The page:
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By THE BAKERSFIELD CALIFORNIAN
Everything from the sanctions against Bakersfield College's athletic program to quality of life issues was fair game in a roundtable discussion on "First Look with Scott Cox" Tuesday.
Simulcast host Scott Cox said the Southern California Football Association's denial of BC's appeal of athletics sanctions was no surprise. The denial was announced Tuesday morning; the college has said it has 10 days to appeal and will.
"First Look" executive producer Louis Amestoy said the situation wasn't handled well. He pointed out that BC President Sonya Christian spoke at a news conference about the sanctions weeks ago, but the football coach and athletic director didn't speak.
Californian president and CEO Richard Beene talked about bike safety -- and drivers getting too close to riders.
"I think there's different levels of this anger," Beene said, explaining he thinks some people are in too much of a hurry to get where they're going. On the other hand, there are the cyclists who seem to be specificly targeted.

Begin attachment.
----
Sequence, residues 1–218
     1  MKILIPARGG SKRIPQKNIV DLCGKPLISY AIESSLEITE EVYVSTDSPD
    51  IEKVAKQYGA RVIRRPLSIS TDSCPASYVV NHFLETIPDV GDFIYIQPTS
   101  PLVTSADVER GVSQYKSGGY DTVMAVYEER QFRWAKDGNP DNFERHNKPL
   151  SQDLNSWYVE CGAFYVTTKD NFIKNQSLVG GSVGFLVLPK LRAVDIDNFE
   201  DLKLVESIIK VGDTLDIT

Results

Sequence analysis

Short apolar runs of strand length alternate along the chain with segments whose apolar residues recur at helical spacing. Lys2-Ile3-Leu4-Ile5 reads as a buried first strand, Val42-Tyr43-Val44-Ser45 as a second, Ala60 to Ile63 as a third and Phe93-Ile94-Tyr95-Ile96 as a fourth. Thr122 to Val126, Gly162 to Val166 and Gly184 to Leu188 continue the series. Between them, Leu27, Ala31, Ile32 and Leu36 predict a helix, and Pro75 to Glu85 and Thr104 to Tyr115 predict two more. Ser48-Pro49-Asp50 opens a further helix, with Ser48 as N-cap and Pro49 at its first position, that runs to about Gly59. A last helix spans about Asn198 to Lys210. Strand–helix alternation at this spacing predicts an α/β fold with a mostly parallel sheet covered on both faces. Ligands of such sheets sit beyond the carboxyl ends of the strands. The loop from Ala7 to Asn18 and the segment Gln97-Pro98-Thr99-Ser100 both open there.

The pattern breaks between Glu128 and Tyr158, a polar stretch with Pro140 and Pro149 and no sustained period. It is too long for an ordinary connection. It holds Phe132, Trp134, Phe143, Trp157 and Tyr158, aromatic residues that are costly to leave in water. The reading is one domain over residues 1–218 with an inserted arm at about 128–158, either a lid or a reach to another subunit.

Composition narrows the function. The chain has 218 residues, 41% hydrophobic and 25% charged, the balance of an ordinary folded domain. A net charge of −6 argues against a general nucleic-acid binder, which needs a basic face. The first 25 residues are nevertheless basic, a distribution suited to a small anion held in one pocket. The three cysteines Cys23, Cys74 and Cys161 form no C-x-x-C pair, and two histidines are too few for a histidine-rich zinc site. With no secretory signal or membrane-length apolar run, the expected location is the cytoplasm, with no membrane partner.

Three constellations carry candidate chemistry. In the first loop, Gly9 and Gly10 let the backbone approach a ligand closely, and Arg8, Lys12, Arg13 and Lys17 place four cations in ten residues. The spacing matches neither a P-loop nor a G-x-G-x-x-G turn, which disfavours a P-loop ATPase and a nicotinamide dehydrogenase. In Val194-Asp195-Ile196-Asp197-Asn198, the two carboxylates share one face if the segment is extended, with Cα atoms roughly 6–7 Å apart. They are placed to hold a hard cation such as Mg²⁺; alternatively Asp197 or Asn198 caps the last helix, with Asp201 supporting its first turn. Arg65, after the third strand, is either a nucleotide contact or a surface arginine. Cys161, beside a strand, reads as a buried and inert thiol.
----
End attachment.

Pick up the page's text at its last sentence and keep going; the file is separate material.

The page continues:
Not smart to hit them. You will be caught and end up in court, Beene said, and "there's a life chapter you don't want to live."
And everyone had a story about trash.
Jeff Lemucchi said someone bought a new file cabinet -- and left the box in his front yard.
Cox said four fast-food companies were represented in trash he saw thrown from one car, like someone had bundled up all their litter at once and tossed it.
Beene asked of other cities, "How can they keep their roads clean and we can't?"
Amestoy noted he worked in San Bernardino and drove Highway 210. No comparison.
"The 58 is by far the dirtiest highway I've ever seen," Amestoy said.